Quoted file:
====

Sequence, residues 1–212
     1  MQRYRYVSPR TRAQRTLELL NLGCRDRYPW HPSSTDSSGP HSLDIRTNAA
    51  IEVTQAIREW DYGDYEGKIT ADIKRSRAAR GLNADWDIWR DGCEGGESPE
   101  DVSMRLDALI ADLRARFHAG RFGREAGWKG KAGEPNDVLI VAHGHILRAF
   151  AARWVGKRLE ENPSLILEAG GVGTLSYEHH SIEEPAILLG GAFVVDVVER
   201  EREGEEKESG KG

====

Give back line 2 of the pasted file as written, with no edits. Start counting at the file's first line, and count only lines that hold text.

     1  MQRYRYVSPR TRAQRTLELL NLGCRDRYPW HPSSTDSSGP HSLDIRTNAA